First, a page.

Architecture of the World Wide Web

Editor's Draft 21 March 2003

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Ian Jacobs, W3C
See acknowledgments.


The World Wide Web is a networked information system. Web Architecture consists of the requirements, constraints, principles, and design choices that influence the design of the system and the behavior of agents within the system. When followed, the large-scale effect is that of a shared information space. This document organizes the technical discussion of the system in three parts: identification, representation, and interaction. This document also addresses some non-technical (social) issues that contribute to the shared information space.

This document strives to establish a reference set of requirements, constraints, principles, and design choices for Web architecture.

Status of this document

This section describes the status of this document at the time of its publication. Other documents may supersede this document. The latest status of this document series is maintained at the W3C.

This draft reverts the introduction to that of the 6 Feb 2003 draft, but adds a simple transaction scenario. It does not represent consensus within the TAG. This document has been developed by W3C's Technical Architecture Group (TAG) (charter). A list of changes in this document is available.

This draft remains incomplete; sections 1 and 2 are the most developed, 3 and 4 the least. The TAG has published a number of findings that address specific architecture issues. Parts of those findings may appear in subsequent drafts. Please also consult the list of issues under consideration by the TAG.

This draft includes some editorial notes and also references to open TAG issues. These do not represent all open issues in the document. They are expected to disappear from future drafts.

Publication as a Working Draft does not imply endorsement by the W3C Membership. This is a draft document and may be updated, replaced or obsoleted by other documents at any time. It is inappropriate to cite this document as other than "work in progress."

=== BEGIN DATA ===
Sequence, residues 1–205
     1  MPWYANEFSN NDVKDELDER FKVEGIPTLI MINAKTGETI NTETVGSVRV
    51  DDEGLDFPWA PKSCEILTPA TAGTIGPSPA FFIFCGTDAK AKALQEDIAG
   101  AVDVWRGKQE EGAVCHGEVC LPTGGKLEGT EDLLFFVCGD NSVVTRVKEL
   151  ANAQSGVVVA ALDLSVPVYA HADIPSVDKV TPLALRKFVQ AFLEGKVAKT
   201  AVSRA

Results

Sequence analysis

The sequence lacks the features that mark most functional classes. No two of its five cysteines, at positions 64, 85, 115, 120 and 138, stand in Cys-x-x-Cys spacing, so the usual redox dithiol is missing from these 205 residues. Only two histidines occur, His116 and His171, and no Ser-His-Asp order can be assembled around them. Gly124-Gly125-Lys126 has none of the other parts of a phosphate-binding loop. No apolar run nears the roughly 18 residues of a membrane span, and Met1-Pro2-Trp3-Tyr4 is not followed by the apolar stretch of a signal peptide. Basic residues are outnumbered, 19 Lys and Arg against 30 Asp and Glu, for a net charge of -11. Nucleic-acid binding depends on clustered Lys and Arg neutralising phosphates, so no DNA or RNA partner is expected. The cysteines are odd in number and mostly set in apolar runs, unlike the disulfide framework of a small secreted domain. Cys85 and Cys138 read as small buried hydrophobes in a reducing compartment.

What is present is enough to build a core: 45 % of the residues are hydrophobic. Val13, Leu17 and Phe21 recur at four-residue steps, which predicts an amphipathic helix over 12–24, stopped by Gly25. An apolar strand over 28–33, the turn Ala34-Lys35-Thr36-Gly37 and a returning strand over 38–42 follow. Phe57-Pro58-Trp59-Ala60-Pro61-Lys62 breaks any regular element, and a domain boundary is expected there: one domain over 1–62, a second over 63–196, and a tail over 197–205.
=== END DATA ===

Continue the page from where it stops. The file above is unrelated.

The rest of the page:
The latest information regarding patent disclosures related to this document is available on the Web. As of this publication, there are no disclosures.

Please send comments on this document to the public W3C TAG mailing list www-tag@w3.org (archive).

A list of current W3C Recommendations and other technical documents can be found at the W3C Web site.

Table of Contents

1. Introduction

The World Wide Web (or, Web) is a networked information system consisting of agents (programs acting on behalf of a person, entity, or process) that exchange information. This document organizes the architecture of this information system as follows:

  1. Identification. Agents identify objects in the system, called "resources," with Uniform Resource Identifiers (URIs).
  2. Representation. Agents represent, describe, and communicate resource state with a nonexclusive set of data formats, used separately or in combination (e.g., XHTML, CSS, PNG, XLink, RDF/XML, SMIL animation).
  3. Interaction. Agents exchange representations via a non-exclusive set of protocols, including HTTP, FTP, and SMTP1

The following very common scenario illustrates one way these three pieces fit together:

  1. Starting with a URI, the user (via a user agent) requests a representation of the identified resource. The protocol chosen for the request determines the structure and capabilities of the request (and response).
  2. If the request is successful, the response provides the user agent with a representation, consisting of data and metadata (such as the Internet Media Type of the data). The data may include URIs so the process can be repeated.